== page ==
So, I have been a bit behind the 8-ball on talking about the interim senator debate we’ve been having up here in Massachusetts. To make a long story short, in 2004 a Democrat-controlled legislature passed a law which effectively removed the Governor’s right to appoint an interim senator, should there be a vacancy. The change was made to prevent then-Governor Mitt Romney, a Republican, from getting to choose a new senator if John Kerry had been elected President. Of course, with Kerry’s loss, it didn’t end up making a difference, but the law stayed on the books. Until now. With Senator Kennedy’s passing, Massachusetts did have a vacancy and one that came at a critical time. With a Democrat in office this time, the legislature reversed course and changed the law allowing the Governor to appoint someone.
It is a tough issue that I have been struggling with for a while. I hate the idea of making decisions based on political calculations, but I recognize the reality that it does happen. I also recognize that one of the perks of being the party in power is that you can change rules (think redistricting) to suit your needs. Leaves a sour taste in my mouth, but I understand why it happens. That fact, coupled with the realization that the next few months are going to be critical in a number of areas (health care, Afghanistan, climate change) and that I disagree with what was done in 2004, ultimately caused me to support this law change. However, it is my fervent hope that, before the next vacancy comes along, we will come up with a standard for how to handle this sort-of situation.
I’m sure it will shock you to know that I have a proposal. It is nothing too revolutionary, and something that is done in other states. Basically what I would like to see is the following steps be taken when there is a vacancy.
1. Secretary of State sets a primary and election date as soon as is legal and feasible.
2. Party of departing official prepares a list of 5 acceptable candidates (no more, no less). These candidates can be from either party, but must be eligible to serve and must agree, in writing, to not run in the special election
3. Governor takes that list and, within a reasonable period of time (to allow for vetting), chooses one person from that list to appoint.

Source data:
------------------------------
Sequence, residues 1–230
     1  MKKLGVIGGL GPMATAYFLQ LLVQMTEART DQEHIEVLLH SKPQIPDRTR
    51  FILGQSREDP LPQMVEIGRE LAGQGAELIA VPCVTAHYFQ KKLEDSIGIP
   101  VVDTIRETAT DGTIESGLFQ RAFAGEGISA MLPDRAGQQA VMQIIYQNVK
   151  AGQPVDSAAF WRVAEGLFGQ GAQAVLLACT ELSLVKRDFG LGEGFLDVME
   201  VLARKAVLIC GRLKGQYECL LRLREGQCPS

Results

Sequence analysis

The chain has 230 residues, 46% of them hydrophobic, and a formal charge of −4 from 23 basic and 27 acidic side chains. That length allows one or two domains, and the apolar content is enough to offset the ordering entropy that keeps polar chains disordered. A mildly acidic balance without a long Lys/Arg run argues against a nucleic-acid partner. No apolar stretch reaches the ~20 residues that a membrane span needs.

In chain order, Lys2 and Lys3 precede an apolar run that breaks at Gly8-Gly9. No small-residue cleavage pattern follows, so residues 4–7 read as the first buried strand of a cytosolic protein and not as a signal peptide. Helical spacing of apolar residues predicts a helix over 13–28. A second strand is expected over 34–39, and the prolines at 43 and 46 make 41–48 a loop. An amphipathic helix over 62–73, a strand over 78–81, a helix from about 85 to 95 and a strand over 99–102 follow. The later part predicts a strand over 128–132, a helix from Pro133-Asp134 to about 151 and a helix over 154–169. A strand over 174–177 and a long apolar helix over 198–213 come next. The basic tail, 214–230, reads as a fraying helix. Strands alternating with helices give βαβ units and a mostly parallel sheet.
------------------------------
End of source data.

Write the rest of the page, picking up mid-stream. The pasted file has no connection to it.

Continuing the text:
4. That person is sworn into office by the Vice-President as soon as schedules allow.
Seems simple and clear. It would prevent one person from having all the power, ensure that the seat stays in the same party (which is only fair) and removes any chance (assuming people are true to their word) that the benefits of incumbency would result in “senator for life” being appointed. Fell free to call it the Weisman Bill if you want. 🙂
Before I go, I also wanted to run down the list of possible appointments and give you my prediction on who the Governor will appoint. Of course, this prediction would be a LOT more dramatic or impressive if I had made it before the Boston Globe, NPR and New York Times all reported who the likely choice is, but we can look past that can’t we?
The candidates, in order of pick likelihood.
Paul Kirk: A former chair of the DNC and aide to the late Senator, he is the choice of the Kennedy family (Vicki, Patrick and Ted, Jr. have all lobbied Governor Patrick for him). His selection would demonstrate the continued influence of the Kennedy family and will likely be cheered by Kennedy loyalists, both in Mass. and in DC. While not well-known locally, he is a player in DC and will very comfortable in the Senate chamber. It should give us pause that he is on the board of Hartford Financial, but he will know that he owes his appointment to the Kennedy family and will likely vote as the Senator would have. In short, he is more likely to do what Kennedy wants, even it goes against what he wants.
Michael Dukakis: The early-front runner, Dukakis is still extremely popular in Massachusetts among liberals and would be a very strong voice for the issues Senator Kennedy cared about. He is extremely familiar with many of those issues, so the learning curve would be virtually non-existant. In addition, his fame in the state, would allow him to get right to work and not have to worry about introducing himself to the citizens.
Charles Ogletree: A Professor at Harvard Law School (who taught the Obamas), Ogletree founded the Charles Hamilton Houston Institute for Race and Justice. An extremely dynamic figure (I was hoping he’d run for the seat) Ogletree would certainly have the ear of the President and would likely be able to exert influence and make a difference right away. His familiarity with the issues of the day are good, though both Kirk and Dukakis have much more experience with the health care issue. Despite that, his brilliance and varied experiences wouldn’t make it difficult for him to get up to speed quickly and wade right into the debate.
Evelyn Murphy: A former Lt. Gov. of the Commonwealth (under Dukakis), she was the first woman to hold state-wide elected office. She was also the Secretary of Environmental Affairs and has done work on the equal pay issue – both important roles, but not issues that are at the forefront of debate in Washington right now. In addition, as the least well-known (both here and in DC) of the candidates, her ability to make a difference would be limited and, with only a few months to serve, might not be able to be much more than a seat-holder.
Personally I would like to see Dukakis get the nod, since I think he would be a more passionate and effective voice for issues I care about. However, when all is said and done, it is extremely likely that Kirk will be the choice. Stay tuned…